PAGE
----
NEW DELHI: Accusing the Bahujan Samaj Party of going soft on the Centre for the fear of central probe agencies, Azad Samaj Party chief Chandra Shekhar Aazad on Sunday pitched his new political outfit as an alternative to the Mayawati-led party which he said was losing its identity by working against the principles of its founder Kanshi Ram.
The Bhim Army chief, whose political outfit Azad Samaj Party launched last year is seeking to establish itself as a defender of the rights of Dalits, other backward classes and minorities, said a "grand alliance" is the need of the hour for the Uttar Pradesh Assembly polls next year and all those who are serious about stopping the Bharatiya Janata Party (BJP) from coming back to power must join hands.
In an interview with PTI, Aazad said he has no qualms in aligning with anybody, including the Bahujan Samaj Party (BSP), provided the objective is to forge a strong alliance to defeat the Yogi Adityanath government which he alleged was running a "dictatorial" administration.
"We are in talks with all (opposition) parties. When any problem confronts the state and the country all parties discuss matters. In our party, the core committee is the supreme body and it will take a call on alliances," the Azad Samaj Party chief said, adding that his party has not formalised any tie-ups as of now for the assembly polls.
"Our efforts are directed at forging a grand alliance to take on the BJP for the sake of the people. This misrule must come to an end. So a grand alliance should be formed to stop the BJP," the 34-year-old leader stressed.
Calling for a common minimum programme, he batted for having a coalition government in UP, saying when parties get a hold over power alone then dictatorial situations arise "as it is happening now".
Asked about the barbs directed at him by BSP chief Mayawati, he said if someone criticises him, he is not perturbed by it.
"I am not scared of criticism and allegations," Aazad said.
To a pointed query on whether he was open to an alliance with the BSP for the assembly polls, he said he was open to an alliance with all "anti-BJP" parties.
However, Aazad was also scathing in his criticism of the Mayawati-led party, while adding that his differences with it were ideological and not personal.
"The BSP has lost its identity and it is because of its own actions, not due to anyone else.
Look at 2012 (UP assembly polls), 2014 (Lok Sabha polls), 2017 (assembly polls) and 2019 (LS polls), they are in decline," Aazad, also known as 'Raavan', said.
"Look at other states, now they (BSP) are getting less than 1 per cent votes, be it in Kerala, Assam, West Bengal.
The BSP is in decline because its leaders don't want to work on the ground level and only go to the people during elections and the people are understanding this," he claimed.
Alleging that the BSP was ignoring its founder the late Kanshi Ram's ideals, Aazad alleged that the Mayawati-led party was working against those principles.
The BSP became a national party in 12 years on the basis of those principles but its national party status is also in danger now, he said.
Pointing to the BSP's "decline", he said the Azad Samaj Party was not there in 2012, 2014, 2017 and 2019 polls, and the BSP was itself to blame for it.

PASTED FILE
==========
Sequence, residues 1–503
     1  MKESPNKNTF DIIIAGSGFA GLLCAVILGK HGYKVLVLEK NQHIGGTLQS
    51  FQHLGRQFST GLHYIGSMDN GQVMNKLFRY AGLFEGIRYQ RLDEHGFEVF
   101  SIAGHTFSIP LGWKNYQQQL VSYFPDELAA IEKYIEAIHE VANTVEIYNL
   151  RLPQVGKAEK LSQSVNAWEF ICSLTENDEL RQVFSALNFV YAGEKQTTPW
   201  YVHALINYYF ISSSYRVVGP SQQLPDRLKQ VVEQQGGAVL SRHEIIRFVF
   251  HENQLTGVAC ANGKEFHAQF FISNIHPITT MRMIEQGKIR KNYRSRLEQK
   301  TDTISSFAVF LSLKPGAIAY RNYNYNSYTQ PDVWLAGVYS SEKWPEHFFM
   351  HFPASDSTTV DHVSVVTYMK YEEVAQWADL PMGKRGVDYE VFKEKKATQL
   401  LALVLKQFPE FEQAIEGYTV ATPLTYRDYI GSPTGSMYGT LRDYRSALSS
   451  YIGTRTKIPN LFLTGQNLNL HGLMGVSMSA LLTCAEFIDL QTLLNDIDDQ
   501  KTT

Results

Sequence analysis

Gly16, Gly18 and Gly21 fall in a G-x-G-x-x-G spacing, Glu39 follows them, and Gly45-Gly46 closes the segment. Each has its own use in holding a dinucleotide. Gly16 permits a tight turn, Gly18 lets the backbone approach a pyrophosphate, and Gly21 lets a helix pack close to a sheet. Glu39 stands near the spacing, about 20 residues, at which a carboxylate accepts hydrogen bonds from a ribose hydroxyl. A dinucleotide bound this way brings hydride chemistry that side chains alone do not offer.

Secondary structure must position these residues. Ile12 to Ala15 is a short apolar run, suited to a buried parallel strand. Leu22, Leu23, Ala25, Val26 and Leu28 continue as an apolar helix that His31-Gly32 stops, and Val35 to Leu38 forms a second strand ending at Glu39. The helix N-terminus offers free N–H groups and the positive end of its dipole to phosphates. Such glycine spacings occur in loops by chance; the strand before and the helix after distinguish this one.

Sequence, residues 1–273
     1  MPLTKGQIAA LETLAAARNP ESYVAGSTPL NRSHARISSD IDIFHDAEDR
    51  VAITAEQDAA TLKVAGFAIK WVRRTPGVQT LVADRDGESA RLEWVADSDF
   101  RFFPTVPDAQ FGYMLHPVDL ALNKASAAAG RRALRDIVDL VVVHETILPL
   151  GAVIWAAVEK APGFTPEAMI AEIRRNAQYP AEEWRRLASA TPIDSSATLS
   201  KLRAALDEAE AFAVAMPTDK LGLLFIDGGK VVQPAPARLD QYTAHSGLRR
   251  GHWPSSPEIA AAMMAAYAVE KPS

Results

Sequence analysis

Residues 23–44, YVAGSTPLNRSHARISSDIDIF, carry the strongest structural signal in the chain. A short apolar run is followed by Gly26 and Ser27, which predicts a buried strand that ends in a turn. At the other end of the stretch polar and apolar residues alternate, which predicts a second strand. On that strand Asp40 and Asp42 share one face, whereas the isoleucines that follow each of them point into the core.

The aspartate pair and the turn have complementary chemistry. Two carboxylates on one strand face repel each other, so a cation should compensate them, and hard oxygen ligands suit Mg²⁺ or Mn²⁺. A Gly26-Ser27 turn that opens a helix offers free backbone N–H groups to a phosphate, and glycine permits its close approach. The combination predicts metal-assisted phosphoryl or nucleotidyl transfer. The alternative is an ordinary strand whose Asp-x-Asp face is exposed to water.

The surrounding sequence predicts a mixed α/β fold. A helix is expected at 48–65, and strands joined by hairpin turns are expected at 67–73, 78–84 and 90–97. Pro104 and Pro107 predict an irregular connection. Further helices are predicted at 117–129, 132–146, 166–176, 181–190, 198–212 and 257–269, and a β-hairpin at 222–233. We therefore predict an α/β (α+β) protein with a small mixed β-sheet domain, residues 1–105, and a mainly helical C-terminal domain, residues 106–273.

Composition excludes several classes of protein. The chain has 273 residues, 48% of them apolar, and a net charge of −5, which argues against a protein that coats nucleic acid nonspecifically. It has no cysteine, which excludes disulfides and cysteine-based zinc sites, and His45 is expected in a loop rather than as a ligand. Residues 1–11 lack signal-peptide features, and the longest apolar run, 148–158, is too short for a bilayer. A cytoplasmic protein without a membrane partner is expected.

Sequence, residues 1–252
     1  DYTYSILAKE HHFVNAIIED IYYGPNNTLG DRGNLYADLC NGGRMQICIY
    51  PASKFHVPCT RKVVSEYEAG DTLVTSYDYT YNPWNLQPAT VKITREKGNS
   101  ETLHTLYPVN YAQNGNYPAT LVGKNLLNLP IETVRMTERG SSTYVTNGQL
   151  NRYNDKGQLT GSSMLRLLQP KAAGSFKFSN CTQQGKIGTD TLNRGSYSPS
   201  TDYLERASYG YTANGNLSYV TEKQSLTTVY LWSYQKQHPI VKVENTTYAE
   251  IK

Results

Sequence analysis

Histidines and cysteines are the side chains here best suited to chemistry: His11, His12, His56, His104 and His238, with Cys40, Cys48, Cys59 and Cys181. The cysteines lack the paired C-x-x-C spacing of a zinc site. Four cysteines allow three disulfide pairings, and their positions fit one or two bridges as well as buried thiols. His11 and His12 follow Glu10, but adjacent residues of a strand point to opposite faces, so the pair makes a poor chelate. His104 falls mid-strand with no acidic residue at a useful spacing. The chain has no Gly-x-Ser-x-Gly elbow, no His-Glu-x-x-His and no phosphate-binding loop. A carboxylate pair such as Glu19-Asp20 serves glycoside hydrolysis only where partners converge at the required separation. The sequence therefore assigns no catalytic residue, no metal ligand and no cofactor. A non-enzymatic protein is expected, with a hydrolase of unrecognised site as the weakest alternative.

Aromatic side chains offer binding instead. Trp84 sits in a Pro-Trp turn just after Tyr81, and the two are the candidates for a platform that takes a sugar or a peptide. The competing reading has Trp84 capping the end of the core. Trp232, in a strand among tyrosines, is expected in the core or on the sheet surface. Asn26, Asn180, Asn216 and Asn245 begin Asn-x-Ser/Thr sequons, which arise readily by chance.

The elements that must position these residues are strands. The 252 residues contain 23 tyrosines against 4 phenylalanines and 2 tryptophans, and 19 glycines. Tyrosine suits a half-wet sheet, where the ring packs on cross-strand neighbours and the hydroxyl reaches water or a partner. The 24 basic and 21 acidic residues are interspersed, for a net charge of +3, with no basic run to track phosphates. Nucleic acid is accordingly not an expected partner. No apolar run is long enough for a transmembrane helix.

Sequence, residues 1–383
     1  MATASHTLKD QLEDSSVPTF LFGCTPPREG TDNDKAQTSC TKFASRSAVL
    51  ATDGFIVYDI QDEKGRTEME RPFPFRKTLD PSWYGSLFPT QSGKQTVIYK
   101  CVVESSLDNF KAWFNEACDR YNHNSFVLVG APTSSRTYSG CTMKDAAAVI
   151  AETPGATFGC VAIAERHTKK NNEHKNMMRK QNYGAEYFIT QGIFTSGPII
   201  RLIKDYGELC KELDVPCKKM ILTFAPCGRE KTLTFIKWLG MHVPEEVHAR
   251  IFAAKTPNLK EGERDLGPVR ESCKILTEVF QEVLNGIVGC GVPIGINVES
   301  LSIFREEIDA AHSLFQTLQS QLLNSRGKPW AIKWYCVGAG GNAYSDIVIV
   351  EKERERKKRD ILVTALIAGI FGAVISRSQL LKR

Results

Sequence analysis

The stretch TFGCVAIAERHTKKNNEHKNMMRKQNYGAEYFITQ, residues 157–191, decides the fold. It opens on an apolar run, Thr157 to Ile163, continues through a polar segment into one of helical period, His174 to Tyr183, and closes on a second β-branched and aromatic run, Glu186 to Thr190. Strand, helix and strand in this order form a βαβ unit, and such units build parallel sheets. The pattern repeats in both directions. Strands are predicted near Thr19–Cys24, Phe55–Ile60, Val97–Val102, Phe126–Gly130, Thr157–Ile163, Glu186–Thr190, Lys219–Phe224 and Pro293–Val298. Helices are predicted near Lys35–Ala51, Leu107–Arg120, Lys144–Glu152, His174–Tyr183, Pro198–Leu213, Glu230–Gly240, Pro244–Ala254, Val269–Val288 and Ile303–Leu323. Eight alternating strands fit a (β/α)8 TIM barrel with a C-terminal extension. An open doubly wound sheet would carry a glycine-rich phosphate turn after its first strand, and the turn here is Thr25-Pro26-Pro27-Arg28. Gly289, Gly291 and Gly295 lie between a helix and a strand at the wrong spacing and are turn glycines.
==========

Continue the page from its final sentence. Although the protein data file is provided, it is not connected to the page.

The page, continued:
"We have given an alternative to the people and showed our mettle with our work on the ground.
We pledge to be with people before and after elections," the Azad Samaj Party chief said.
He also accused the BSP of going soft on the Centre on various issues for the fear of central probe agencies.
"When you have cases of CBI (Central Bureau of Investigation), ED (Enforcement Directorate), you are caught in the stranglehold of the Centre and you cannot put forward your views strongly," Aazad said.
"There are several such cases (on Mayawati) and also her brother," he alleged, while asserting that his party was playing the role of a responsible opposition despite being just over a year old.
Asked about the Congress as a potential ally in UP, Aazad said there was no rift with the party but his outfit was raising its voice wherever deprived were wronged and did so recently in Congress-ruled Rajasthan.
"I don't have a personal problem (with the Congress). All those who believe that the BJP must be stopped and that it has harmed the state, they must come together," he asserted.
In the run up to the UP assembly polls next year, Aazad is leading a 'Bahujan Cycle Yatra' with the slogan 'Jaati Chorho Samaj Jodo' from July 1-21, seeking to "counter the communal atmosphere in the country and for uniting people".
"The BJP works on the policy of divide and rule. We work on the politics of brotherhood and equality. Caste divisions create animosity between the people and because of this the country has lagged behind in development," he said.
The message of this rally is to break caste barriers and establish brotherhood, Aazad said.
He accused the UP government of undermining reservation in appointments and carrying out "recruitment scams".
He also alleged that there was a major issue of inflation and the declining law and order situation in the state, with kidnappings of traders becoming a norm and women and sisters not safe.
Aazad also hit out at the Yogi government over the violence during the filing of nominations in block pramukh polls, alleging that democracy was being "abducted" in the state.
Aazad launched his political outfit the Azad Samaj Party last year on March 15 -- the birth anniversary of Kanshi Ram.